Lord Strasburger: To ask Her Majesty’s Government what discussions they have had with the Metropolitan Police about the use of Live Facial Recognition deployments; whether the watchlists for such deployments are composed exclusively of serious criminals; and what is the definition of serious criminals for this purpose.
Lord Strasburger: To ask Her Majesty's Government, further to the Written Answer by Baroness Williams of Trafford on 17 February (HL1336), why their response is inconsistent with the press release from the Metropolitan Police following the facial recognition deployments which (1) stated that the individual arrested on suspicion of discharging a firearm was arrested "as part of the wider operation" and not "as...
Lord Strasburger: To ask Her Majesty's Government, what assessment they have made of the finding by the Scottish Parliament that there was "no justification" for Police Scotland to use facial recognition technology; and why police in London and South Wales continue to use live facial recognition surveillance.
Lord Strasburger: To ask Her Majesty's Government what was the total cost of the Metropolitan Police’s recent trial of automated facial recognition technology, including preparatory work, and encompassing equipment and manpower costs; and how many staff were required for a typical deployment during the trial, broken down by role.
Lord Strasburger: To ask Her Majesty's Government, during the recent Metropolitan Police trial of automated facial recognition technology, how many individuals on the system’s watchlist were correctly identified; how many alerts resulted in (1) an arrest, and (2) a subsequent conviction; and for which offences.
Lord Strasburger: My Lords, on behalf of my noble friend Lord Clement-Jones, and with his permission, I beg leave to ask the Question standing in his name on the Order Paper. I remind the House of my interest as chair of Big Brother Watch.
Lord Strasburger: I thank the Minister for that reply. The Government have previously confirmed that this highly intrusive technology is being deployed in a legal vacuum. Alarmingly, we have recently discovered that private companies have for years been secretly using automated facial recognition in public spaces, and the Commissioner of the Metropolitan Police has warned that we are sleepwalking into an...
Lord Strasburger: I wonder whether the noble Lord has completed his remarks on the amendment. If so, will he please sit down?
Lord Strasburger: I think we have heard enough, have we not? I move that the Question be now put.
Lord Strasburger: Yes. Ayes 239, Noes 62.
Lord Strasburger: I remind the House that this is the Prime Minister who told the nation seven times that she was not going to call a snap election—and the eighth time, she said she was.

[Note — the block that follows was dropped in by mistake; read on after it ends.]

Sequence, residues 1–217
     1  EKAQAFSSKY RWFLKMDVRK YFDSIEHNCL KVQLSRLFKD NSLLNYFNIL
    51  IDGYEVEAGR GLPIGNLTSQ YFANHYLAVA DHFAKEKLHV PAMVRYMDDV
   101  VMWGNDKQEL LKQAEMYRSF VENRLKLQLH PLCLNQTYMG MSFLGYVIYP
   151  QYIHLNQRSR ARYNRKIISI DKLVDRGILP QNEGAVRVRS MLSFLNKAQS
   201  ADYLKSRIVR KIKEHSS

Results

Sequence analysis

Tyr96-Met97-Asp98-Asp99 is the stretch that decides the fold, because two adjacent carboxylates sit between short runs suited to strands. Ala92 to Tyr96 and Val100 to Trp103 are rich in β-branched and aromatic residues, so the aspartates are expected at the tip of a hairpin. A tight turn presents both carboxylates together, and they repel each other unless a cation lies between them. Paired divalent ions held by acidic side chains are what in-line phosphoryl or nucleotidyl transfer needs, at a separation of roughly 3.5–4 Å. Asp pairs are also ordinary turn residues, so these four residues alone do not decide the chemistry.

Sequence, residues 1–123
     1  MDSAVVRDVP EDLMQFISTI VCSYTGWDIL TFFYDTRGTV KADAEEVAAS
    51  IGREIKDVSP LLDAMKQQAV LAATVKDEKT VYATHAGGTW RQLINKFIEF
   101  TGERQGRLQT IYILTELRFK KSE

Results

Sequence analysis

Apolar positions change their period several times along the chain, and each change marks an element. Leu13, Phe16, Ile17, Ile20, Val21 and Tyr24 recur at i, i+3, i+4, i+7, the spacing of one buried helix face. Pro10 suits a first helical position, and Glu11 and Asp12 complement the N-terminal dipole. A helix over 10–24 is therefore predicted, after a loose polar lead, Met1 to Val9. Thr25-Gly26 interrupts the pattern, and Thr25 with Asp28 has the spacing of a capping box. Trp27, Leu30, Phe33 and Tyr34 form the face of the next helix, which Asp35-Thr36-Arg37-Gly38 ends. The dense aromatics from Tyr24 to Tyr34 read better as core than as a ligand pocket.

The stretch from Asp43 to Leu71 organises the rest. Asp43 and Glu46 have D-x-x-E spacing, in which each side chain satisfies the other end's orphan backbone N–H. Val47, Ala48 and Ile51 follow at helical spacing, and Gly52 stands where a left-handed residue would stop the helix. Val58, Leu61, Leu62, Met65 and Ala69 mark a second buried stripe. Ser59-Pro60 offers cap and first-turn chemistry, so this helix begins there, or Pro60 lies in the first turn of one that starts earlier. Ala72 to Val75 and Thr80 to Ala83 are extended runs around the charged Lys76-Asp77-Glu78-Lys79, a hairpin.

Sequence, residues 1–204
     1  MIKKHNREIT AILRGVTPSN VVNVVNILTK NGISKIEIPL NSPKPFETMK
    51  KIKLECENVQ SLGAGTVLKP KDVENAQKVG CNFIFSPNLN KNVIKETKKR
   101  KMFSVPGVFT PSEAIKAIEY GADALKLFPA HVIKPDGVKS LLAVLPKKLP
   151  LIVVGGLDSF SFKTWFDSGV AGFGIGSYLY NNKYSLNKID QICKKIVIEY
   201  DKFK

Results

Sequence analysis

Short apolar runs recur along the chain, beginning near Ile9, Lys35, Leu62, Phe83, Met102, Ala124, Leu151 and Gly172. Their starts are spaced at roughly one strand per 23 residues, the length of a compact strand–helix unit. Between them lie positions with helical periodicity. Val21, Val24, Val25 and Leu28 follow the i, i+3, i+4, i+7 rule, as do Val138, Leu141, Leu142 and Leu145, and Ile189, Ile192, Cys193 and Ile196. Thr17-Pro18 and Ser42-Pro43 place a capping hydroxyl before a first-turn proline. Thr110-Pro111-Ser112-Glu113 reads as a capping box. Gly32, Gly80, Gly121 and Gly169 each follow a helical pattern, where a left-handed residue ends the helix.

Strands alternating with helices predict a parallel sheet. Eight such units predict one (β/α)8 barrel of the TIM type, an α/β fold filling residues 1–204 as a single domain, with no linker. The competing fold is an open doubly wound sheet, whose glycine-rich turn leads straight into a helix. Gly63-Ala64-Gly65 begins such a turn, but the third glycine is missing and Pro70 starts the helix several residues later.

Lord Strasburger: To ask Her Majesty’s Government whether they forecast that any sectors of the United Kingdom economy will be disadvantaged by the proposed European Union Withdrawal Agreement and political declaration when compared with the alternative of the United Kingdom remaining a member of the European Union; and, if so which sectors.
Lord Strasburger: I thank the Minister for that Answer to my Question, if that is what he thinks it was. The Prime Minister repeatedly asserts that rejecting her deal will take us back to square one. That can mean only one thing: that we continue with our current status, which is full membership of the European Union, with all its benefits and with all our current opt-outs. Does the Minister agree with the...
Lord Strasburger: To ask Her Majesty's Government what assessment they have made of the time taken between the Metropolitan Police being notified by the Electoral Commission of possible breaches of electoral law by Leave.EU and their collection of relevant evidence from the Electoral Commission.
Lord Strasburger: To ask Her Majesty's Government what steps they are taking to ensure that any breaking of electoral law by pro-leave campaigns during the referendum is investigated; and in what timeframe they anticipate such investigations taking place.
Lord Strasburger: To ask Her Majesty’s Government whether their forecasts for the next ten years show a better outcome for the United Kingdom economy if the United Kingdom were to remain in the European Union than if it were to leave.
Lord Strasburger: My Lords, as full EU members we currently enjoy the best possible trading terms with the EU 27. Any other deal must, by definition, be worse. Our Government are striving for a deal with our biggest trading partner that can only downgrade what we have now—that is worth thinking about. Does the Minister know of any other country that has deliberately degraded its trading relationship with its...
Lord Strasburger: My Lords, returning to the Bill, I start by drawing the House’s attention to my declaration of interests in the register, specifically to the fact that I own 11 investment properties, either solely or jointly with my wife, and have done for something like the last 20 years. I also have a shareholding in a small letting agent in Bath. I am therefore in a position perhaps to bring a slightly...